The national poverty rate in 2006 was down to 12.3 percent from 12.6 percent a year earlier, the Census Bureau's report on Income, Poverty and Health Insurance Coverage in the United States said. Children represent 35 percent of those living in poverty and make up a fourth of the total U.S. population.
The national median income, now $48,200, rose for the second straight year as the United States entered an economic slowdown but it was mainly because more Americans within each household have jobs.
Some 36.5 million Americans, or 12.3 percent of the population, lived below the poverty line, defined as having an annual income of about $10,000 for an individual or $20,000 for a family of four.
The latest data come at a key time as the economy has slowed and with just more than a year left in the presidential campaign.
These statistics show what most Americans know: tens of millions of our fellow citizens are completely left out of the economic progress enjoyed by the individuals and corporations on the very top, said Democrat presidential candidate John Edwards.
Even with two years of increases, household income levels still are down from a 1999 peak and the poverty rate remains one percentage point above the 2000 level.
Individuals actually are earning less with earnings per worker falling for the third year in a row.
It's welcome news that poverty is down and household income is up but there is too much evidence in this report that the growing economy is not reaching middle- and low-income households the way it ought to be at this stage, said Jared Bernstein, an economist at the Economic Policy Institute in Washington.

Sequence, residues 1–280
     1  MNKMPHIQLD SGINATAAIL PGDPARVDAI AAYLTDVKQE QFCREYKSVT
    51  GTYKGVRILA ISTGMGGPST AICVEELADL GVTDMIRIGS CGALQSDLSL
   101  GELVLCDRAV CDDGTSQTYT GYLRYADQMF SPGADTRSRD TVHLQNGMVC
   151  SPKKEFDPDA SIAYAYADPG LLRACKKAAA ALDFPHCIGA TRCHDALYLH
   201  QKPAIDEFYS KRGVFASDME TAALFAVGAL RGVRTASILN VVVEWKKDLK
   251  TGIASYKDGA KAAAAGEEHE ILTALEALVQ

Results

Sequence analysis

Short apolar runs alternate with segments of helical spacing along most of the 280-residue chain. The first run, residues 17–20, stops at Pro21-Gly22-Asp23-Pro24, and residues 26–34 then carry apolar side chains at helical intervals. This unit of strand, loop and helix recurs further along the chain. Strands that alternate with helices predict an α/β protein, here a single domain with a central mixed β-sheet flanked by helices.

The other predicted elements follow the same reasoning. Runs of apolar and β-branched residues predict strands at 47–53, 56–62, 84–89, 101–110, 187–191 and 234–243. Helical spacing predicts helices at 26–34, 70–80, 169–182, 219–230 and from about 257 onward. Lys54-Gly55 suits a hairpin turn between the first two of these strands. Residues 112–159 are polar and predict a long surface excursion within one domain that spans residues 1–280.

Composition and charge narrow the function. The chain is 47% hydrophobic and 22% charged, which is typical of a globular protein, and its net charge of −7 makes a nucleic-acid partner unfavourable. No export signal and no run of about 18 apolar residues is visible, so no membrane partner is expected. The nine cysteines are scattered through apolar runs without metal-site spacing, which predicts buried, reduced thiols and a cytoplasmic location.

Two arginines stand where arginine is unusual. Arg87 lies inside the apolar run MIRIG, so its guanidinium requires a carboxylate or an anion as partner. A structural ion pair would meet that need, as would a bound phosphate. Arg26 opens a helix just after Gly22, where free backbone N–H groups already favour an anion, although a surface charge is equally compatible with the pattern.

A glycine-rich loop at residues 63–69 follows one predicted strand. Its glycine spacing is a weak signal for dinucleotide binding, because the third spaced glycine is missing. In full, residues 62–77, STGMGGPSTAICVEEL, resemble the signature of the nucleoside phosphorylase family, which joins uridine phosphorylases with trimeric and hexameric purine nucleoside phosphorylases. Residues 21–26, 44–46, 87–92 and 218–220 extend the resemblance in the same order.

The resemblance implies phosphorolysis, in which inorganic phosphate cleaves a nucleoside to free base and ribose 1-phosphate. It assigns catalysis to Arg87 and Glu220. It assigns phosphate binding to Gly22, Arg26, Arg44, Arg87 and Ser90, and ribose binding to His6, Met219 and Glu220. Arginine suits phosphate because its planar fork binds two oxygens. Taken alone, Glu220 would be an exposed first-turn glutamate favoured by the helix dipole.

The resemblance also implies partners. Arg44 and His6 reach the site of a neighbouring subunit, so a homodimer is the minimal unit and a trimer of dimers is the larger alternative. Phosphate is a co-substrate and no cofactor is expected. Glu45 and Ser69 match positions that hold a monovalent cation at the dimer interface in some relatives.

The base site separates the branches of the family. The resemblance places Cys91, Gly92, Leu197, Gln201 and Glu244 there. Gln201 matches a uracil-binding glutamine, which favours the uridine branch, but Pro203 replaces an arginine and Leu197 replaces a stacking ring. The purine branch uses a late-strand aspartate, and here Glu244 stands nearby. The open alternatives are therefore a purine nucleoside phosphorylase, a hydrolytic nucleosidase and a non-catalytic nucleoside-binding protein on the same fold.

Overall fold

The data showed fewer people living in the United States in 2006 were covered by health insurance than in 2005, mainly because businesses cut back on such benefits. The number of uninsured increased to 47 million from 44.8 million.
One of the most dismal pieces in this is that we are supposed to be in a good economy, said Sister Carol Keehan, who heads up the Catholic Health Association, a non-profit association of the Nation's Catholic hospitals. When you watch the number of employed rise it does tell me we need to make some significant changes in how health care is provided.
Democratic presidential candidate Sen. Hillary Clinton said the figures point out a societal problem.
When I began the fight for universal coverage almost 15 years ago, there were 37 million people uninsured, she said in a statement. It was an outrage then and with 10 million more people uninsured today, it is an even deeper outrage today.
According to the Census report, the percentage of people covered by employment-based health insurance fell to 59.7 percent, from 60.2 percent in 2005.
When millions of hard-working men and women do not have health insurance themselves and cannot cover their children, it raises serious clinical, economic and moral concerns about how we as a nation will meet the needs of our people, said Risa Lavizzo-Mourey, president and chief executive officer of the Robert Wood Johnson Foundation, a Princeton, New Jersey-based think tank focusing on health-care issues.
These Census data are collected from 50 states and the District of Columbia based on a sample of about 100,000 addresses and do not take into account whether or not those surveyed are U.S. citizens or not.